Obstetric and perinatal complications associated with assisted reproductive treatment in Spain
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Although most newborns conceived through assisted reproductive treatments are healthy, there are concerns about the safety of reproductive techniques and their effect on foetal/maternal well-being.
This study aims to describe the incidence of obstetric and perinatal complications in women undergoing assisted reproductive treatments in the Spanish Health System.
This is a cross-sectional observational study aimed at women who have been mothers between 2013 and 2018 in Spain. The data was collected through an online survey of 42 items that was distributed through lactation associations and postpartum support groups. In the data analysis, crude odds ratios (OR) and adjusted odds ratios (AOR) were calculated, through a multivariate analysis with binary logistic regression and multinomial logistic regression.
Five thousand nine hundred forty-two women participated, 2.3% (139) through artificial insemination and 8.2% (486) through in vitro fertilisation (IVF) techniques. Women who underwent IVF had a higher likelihood of suffering problems during pregnancy (OR = 1.71; 95% confidence intervals (95% CI), 1.37–2.13), delivery (OR = 1.43; 95% CI, 1.01–2.02), and postpartum (OR = 1.94; 95% CI, 1.40–2.69) than women with spontaneous pregnancy. No increased likelihood of neonatal problems was observed in this group except for twin pregnancy (OR = 9.17; 95% CI, 6.02–13.96) and prematurity (OR = 1.43; 95% CI, 1.01–2.02). No differences were observed between spontaneous pregnancies and those achieved by artificial insemination.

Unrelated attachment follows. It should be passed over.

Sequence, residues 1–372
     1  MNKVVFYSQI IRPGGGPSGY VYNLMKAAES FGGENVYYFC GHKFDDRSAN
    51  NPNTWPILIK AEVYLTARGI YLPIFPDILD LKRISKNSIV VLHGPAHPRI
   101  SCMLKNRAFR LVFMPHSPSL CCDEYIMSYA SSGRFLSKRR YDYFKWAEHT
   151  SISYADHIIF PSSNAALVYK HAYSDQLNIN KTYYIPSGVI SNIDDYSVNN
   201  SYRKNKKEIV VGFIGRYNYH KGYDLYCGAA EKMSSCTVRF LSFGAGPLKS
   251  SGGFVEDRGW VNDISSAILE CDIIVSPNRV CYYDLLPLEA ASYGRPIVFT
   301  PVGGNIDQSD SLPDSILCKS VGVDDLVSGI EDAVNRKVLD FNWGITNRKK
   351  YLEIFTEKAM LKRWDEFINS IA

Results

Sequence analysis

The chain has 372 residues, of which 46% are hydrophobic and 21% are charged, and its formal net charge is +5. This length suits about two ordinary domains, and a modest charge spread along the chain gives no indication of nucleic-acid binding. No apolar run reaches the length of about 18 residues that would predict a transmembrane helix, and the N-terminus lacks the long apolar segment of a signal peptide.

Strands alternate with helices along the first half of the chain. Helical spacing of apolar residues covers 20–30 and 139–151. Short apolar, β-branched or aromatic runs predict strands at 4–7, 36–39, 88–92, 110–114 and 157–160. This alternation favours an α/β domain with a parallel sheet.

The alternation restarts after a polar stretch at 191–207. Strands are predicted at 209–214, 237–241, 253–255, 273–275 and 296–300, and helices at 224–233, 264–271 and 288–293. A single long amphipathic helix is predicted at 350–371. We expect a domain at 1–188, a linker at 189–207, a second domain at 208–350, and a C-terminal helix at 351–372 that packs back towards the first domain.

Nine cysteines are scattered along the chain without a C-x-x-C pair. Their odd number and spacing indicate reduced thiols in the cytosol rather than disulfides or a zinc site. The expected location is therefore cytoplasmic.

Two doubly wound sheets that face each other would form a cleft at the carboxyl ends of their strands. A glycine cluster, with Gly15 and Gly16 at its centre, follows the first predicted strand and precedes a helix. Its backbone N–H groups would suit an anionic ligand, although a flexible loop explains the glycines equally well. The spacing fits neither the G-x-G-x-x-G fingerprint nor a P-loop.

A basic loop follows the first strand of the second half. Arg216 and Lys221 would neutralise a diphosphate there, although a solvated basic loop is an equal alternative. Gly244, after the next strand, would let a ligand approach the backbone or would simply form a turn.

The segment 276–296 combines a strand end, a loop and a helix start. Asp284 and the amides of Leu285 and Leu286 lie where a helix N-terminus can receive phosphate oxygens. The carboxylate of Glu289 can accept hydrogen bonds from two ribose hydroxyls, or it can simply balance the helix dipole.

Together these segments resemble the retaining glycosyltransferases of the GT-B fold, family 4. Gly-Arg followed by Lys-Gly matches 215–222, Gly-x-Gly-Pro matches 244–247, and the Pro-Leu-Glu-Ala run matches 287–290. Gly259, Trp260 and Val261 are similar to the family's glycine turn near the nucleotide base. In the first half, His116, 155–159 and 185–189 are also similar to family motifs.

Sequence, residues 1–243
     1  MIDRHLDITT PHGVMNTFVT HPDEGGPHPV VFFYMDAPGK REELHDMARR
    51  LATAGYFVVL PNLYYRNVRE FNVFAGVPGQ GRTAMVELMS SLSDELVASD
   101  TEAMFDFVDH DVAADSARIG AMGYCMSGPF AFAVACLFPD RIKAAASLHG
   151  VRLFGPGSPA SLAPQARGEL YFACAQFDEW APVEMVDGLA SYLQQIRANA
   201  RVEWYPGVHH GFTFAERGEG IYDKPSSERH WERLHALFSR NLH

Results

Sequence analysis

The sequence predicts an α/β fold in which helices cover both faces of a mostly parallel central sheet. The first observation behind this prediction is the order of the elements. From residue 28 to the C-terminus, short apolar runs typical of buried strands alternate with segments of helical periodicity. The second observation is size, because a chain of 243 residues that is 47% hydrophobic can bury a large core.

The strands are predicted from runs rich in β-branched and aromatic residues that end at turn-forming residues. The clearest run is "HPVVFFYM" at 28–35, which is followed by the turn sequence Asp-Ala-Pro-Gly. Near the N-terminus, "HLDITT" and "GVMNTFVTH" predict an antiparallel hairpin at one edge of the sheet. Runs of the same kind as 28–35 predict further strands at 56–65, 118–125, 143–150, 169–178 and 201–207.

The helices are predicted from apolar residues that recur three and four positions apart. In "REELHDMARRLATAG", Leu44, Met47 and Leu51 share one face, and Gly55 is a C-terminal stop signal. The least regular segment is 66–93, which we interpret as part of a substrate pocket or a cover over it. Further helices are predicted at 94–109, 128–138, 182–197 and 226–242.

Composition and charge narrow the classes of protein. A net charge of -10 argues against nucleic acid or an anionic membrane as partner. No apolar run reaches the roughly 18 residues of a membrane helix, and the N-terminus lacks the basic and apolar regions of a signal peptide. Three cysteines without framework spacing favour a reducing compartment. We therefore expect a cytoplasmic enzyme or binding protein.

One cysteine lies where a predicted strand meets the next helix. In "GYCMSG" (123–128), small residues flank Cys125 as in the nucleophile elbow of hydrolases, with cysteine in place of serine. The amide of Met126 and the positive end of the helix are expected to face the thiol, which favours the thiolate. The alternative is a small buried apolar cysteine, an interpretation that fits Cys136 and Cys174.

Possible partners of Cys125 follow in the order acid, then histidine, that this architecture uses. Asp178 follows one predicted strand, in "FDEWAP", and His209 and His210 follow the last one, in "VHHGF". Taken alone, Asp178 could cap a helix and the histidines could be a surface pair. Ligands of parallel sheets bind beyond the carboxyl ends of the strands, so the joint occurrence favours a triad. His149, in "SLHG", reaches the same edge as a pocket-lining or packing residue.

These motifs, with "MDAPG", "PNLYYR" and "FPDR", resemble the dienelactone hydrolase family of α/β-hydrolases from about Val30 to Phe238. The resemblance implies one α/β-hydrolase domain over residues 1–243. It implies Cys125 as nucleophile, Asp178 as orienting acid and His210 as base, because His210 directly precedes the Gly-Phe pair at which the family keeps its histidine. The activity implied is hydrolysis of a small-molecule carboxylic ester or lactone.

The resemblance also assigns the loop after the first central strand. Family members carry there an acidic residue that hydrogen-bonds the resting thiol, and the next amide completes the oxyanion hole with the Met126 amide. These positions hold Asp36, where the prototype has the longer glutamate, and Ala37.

Pregnancies achieved through IVF present a higher risk of complications before, during and after delivery. However, there is no increased risk of neonatal problems except for a higher likelihood of twin pregnancy and prematurity.
KeywordsReproductive techniques assisted Fertilization in vitro Quality of health care Patient safety Obstetric labour complications Morbidity
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